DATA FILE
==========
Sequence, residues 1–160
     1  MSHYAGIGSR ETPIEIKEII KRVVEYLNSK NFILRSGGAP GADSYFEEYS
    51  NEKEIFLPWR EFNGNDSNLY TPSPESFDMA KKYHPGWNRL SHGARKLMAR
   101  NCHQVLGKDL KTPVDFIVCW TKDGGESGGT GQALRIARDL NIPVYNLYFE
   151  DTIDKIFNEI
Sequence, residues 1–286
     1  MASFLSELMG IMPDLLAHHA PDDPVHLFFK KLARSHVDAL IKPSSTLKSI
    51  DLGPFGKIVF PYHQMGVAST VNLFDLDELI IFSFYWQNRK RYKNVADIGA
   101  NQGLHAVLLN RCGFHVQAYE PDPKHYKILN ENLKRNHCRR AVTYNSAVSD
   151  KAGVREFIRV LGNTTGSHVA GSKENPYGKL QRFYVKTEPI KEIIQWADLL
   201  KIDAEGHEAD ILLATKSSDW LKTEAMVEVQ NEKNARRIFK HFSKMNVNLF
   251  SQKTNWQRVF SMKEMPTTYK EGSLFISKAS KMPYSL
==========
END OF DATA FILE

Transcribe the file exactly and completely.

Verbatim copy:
Sequence, residues 1–160
     1  MSHYAGIGSR ETPIEIKEII KRVVEYLNSK NFILRSGGAP GADSYFEEYS
    51  NEKEIFLPWR EFNGNDSNLY TPSPESFDMA KKYHPGWNRL SHGARKLMAR
   101  NCHQVLGKDL KTPVDFIVCW TKDGGESGGT GQALRIARDL NIPVYNLYFE
   151  DTIDKIFNEI
Sequence, residues 1–286
     1  MASFLSELMG IMPDLLAHHA PDDPVHLFFK KLARSHVDAL IKPSSTLKSI
    51  DLGPFGKIVF PYHQMGVAST VNLFDLDELI IFSFYWQNRK RYKNVADIGA
   101  NQGLHAVLLN RCGFHVQAYE PDPKHYKILN ENLKRNHCRR AVTYNSAVSD
   151  KAGVREFIRV LGNTTGSHVA GSKENPYGKL QRFYVKTEPI KEIIQWADLL
   201  KIDAEGHEAD ILLATKSSDW LKTEAMVEVQ NEKNARRIFK HFSKMNVNLF
   251  SQKTNWQRVF SMKEMPTTYK EGSLFISKAS KMPYSL